What is the Marshall Scholarship?
September 1, 2023 at 12:00 PM
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The Marshall Scholarships fund one to two years of study in any field at one or more British universities, with up to 50 awards offered each year. Grantees may pursue two successive one-year master’s programs, one two-year master’s program, or the first two years of a PhD (with the possibility of a third year extension). Applicants intending to study for only one year should be able to justify why the shorter stay is necessary to their future goals. If if they intend to follow the Marshall year in medical or law school, they should have already applied before matriculating at a UK university. If the first choice institution in either or both years is Cambridge, ICL, KCL, LSE, Oxford, or UCL, none of these universities may be named as a second choice for either year.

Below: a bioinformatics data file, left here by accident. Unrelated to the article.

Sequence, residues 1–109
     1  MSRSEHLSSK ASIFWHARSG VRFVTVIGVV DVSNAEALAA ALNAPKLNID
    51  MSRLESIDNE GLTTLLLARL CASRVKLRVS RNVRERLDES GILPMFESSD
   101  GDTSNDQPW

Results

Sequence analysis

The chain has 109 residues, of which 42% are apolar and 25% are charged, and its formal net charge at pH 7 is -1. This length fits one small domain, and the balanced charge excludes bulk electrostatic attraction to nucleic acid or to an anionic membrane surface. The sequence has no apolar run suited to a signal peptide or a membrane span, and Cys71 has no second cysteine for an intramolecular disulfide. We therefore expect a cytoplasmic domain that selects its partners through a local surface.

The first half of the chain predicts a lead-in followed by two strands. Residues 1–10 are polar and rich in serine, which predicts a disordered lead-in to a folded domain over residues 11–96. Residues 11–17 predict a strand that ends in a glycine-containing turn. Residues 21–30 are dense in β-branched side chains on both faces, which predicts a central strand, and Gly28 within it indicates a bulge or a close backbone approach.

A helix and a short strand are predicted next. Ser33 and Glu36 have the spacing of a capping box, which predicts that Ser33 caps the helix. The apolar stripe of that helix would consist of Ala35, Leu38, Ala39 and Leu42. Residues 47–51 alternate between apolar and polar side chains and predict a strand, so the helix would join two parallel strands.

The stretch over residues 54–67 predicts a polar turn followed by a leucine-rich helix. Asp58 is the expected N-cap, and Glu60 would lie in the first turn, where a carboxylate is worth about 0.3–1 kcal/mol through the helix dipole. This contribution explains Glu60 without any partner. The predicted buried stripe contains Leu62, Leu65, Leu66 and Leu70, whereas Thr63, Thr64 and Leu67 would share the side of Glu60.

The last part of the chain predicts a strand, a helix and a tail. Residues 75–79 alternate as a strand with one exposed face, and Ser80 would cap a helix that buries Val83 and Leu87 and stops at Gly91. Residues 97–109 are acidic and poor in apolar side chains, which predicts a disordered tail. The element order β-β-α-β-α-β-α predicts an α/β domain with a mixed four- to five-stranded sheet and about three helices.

For candidates in bioscience, medicine and related disciplines, there is a special category of awards funded jointly by the Marshall Commission and the National Institutes of Health, Bethesda, MD, called the NIH Marshall Scholarships. To be eligible, applicants must first be selected as Marshall Scholars, applying in the usual way. Any Marshall Scholar who is selected for research in a bio-medical/science field can be put forward to the NIH for consideration.
Marshall Scholars (awardees) who are pursuing a three-year PhD at Cambridge or Oxford may apply for additional Partnership Marshall Scholarships which will fund the third year of the PhD (of which the Marshall only funds two). The application for these takes place in the first year of a Marshall awardee's course of study but the intention to apply should be mentioned in the Marshall application. In addition to the third year funding offered by the Commission, extensions may be granted by the universities of Oxford or Cambridge to those pursuing a doctorate there.
The Marshall program offers this recorded information workshop for prospective candidates.